But if someone obeys orders to murder they are still culpable. They still pulled the trigger. If a Mafia soldier makes a hit and suggests that he was just following orders, all sane people laugh at that claim then convict him of murder anyway.

Why not follow the same procedure for troops?

Certainly, the commanders issuing the orders are also responsible, but “just following orders” is not an excuse to forgive injustice and evil, and anyone who makes that claim has jeopardized their moral integrity.

Likewise, the argument that states “criticism should be focused on the politicians, not the soldiers” is not sound.

The politician’s greed and murderous ambitions trump all levels of evil, but without the soldiers to carry out their machinations, war ceases to exist. If soldiers stopped going to war, bloodshed ends.

The statement “just following orders,” then, attempts to downplay or lessen the gravity of their action as if it was just a minor detail of duty. But arguments such as this amount to empty rhetoric intended to conceal evil and displace blame.

For example, the Nazi soldiers were just following orders when they slaughtered the Jews. So, with these arguments, should they not have been held accountable on the premise that they were just following orders?

The argument from following orders is usually marshaled alongside the argument that states everyone would be living in a worldwide Germany were it not for the American intervention in World War II, thus absolving American soldiers of wrongdoing.

This argument is tricky. In one sense it could have been true. If America had not entered the war, perhaps Germany would have won and everyone would have lived under a worse tyrant.

However, this argument also acts as a red herring.

Just because the soldiers would have helped prevent a nasty tyrant from taking over, it does not eliminate the fact that the American government is still a tyrant in its own right, which steals freedom from its citizens. This argument cannot explain away the fact that the American government still enacts war and hurts innocent people. It does not remove the fact that all soldiers still “follow orders” to kill whoever governments say, whenever they say.

If a serial murderer intervenes and protects a woman from being raped, the murderer is not absolved from his original crimes. Thus the same is true of the troops.

The above arguments may not cover all possible defenses of soldiers, but they represent the primary arguments. A volume could be dedicated to debunking the myth of the soldier as hero and defender…but it would begin with observing the psychology of the tribal mentality, which brings the original problem around full circle.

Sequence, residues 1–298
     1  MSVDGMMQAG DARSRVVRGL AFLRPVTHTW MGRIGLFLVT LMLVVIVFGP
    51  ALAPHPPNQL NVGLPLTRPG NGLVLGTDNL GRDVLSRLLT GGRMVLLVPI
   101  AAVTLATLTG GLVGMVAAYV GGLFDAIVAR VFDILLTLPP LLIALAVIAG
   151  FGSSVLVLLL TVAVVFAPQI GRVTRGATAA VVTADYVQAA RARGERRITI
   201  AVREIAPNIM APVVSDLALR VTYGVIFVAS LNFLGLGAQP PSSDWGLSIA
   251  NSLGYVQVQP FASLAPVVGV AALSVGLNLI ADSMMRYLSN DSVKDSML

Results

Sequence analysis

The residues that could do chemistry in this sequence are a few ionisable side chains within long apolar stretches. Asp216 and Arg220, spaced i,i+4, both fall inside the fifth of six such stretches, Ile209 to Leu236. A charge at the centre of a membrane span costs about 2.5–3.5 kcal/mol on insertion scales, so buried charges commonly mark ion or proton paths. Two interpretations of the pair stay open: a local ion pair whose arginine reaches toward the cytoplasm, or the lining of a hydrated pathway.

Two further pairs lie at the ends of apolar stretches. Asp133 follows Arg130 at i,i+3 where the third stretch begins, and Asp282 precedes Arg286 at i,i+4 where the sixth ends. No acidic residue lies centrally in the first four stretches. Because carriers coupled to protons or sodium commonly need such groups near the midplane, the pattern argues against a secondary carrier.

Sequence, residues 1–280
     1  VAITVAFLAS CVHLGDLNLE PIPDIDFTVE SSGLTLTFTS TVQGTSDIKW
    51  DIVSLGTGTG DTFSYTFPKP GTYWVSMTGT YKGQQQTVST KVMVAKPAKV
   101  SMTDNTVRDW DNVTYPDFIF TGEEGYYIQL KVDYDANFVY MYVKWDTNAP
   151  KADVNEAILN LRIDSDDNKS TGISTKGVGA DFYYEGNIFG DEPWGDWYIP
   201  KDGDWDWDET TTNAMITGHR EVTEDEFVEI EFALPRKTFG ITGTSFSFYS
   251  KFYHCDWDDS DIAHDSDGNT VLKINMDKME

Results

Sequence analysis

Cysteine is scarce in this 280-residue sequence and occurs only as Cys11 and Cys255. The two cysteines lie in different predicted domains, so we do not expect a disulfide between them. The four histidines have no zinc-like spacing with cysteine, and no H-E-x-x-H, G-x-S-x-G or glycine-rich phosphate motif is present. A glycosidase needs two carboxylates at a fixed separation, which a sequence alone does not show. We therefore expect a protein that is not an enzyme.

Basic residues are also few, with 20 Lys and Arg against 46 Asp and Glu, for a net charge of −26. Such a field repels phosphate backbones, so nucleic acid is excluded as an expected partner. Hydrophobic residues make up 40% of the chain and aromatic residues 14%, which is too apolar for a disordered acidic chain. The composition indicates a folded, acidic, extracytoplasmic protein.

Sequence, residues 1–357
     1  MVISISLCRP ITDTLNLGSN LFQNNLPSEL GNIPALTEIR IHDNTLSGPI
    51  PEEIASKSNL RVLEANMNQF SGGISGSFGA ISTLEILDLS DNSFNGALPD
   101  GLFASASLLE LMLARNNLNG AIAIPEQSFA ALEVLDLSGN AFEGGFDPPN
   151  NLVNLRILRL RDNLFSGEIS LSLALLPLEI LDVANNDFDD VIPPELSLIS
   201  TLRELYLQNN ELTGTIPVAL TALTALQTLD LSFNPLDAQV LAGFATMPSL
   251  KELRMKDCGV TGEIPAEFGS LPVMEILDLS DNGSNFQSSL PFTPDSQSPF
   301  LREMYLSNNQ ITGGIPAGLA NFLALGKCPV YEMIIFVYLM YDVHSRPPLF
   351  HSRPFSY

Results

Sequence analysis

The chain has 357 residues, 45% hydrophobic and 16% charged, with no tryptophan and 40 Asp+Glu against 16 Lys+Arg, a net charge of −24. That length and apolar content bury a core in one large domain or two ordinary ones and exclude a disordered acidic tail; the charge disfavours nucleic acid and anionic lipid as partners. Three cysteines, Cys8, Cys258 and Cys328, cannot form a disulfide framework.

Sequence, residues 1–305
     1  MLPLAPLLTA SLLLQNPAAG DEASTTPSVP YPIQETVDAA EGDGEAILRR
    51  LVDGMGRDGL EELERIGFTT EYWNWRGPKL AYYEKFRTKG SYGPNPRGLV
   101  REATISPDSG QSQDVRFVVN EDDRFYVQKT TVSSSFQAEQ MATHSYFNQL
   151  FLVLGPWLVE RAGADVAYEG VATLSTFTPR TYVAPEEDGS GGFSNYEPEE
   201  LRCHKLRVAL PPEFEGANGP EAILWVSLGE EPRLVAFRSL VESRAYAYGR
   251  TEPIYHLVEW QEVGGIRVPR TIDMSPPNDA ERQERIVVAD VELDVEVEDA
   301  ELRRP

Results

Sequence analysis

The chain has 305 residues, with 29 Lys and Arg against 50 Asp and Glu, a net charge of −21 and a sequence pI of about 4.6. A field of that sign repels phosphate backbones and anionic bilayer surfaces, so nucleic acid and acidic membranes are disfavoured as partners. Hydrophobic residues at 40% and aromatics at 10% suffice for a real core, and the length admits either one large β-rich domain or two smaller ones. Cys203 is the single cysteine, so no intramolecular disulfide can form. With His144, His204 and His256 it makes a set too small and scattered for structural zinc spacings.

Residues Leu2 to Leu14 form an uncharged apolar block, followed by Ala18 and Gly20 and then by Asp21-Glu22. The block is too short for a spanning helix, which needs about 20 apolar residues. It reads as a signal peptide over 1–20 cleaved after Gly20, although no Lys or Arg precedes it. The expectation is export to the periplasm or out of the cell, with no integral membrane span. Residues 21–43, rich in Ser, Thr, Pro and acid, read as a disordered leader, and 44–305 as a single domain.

The tribal mentality of America, and many cultures, have produced and secured the myth that soldiers are inscrutable heroes who do no wrong, especially in times of warfare. It is the same myth that brings the semper-fi, hoorah patriots out of their hidey holes to condone and accept the murders committed by Kyle.

But as acknowledged, the tribal mentality only conceals or evades the truth about the actions taken by soldiers. Soldiers work for government to make war on other tribes, but the tribe itself is comprised of rulers who subvert and enslave its own people.

The soldiers also enter into a process of indoctrination through their recruitment ceremonies (and original tribal conditioning,) which helps paint the enemy as subhuman, without the soldier considering the plight of the ‘enemy.’

The rest of the tribe joins in on this belief and praises and condones and worships the soldier as hero (which is why so many fail to criticize soldiers on obvious logical grounds).

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Of course, this happens simultaneously and all people involved become devoted and hysterical. Then they forget to question the nature of the soldier’s duty. They only know that the soldier kills for him. That Chris Kyle killed for him. That soldiers defend the tribe by destroying anyone or anything they are ordered to, for the sake of security and defense.

They do not look at the situation in an objective manner. They do not analyze how soldiers fail to protect freedom.

Then they work themselves up into such a pitch and fervor that all that matters is blood and carnage and destruction.

Therefore when one considers viewing American Sniper to cheer and praise the soldiers, or one decides to join the military and become a hero, perhaps they can take a step back and remember why the soldier wears the flag, perhaps they can bring themselves out of the hysteria of the tribe, and admit that destroying brown people in distant places is not as righteous or noble an ideal as they first suspected.

And now they see their true selves, bloodied and dirtied, stuck within the tribal mentality; but they can also break free of it and scrutinize the soldiers with integrity, as they deserve to be, as murderers and cowards should be, without hesitation.

The world deserves this much if the tribal insanity and absurdity of troop worship is to be stopped and condemned forever.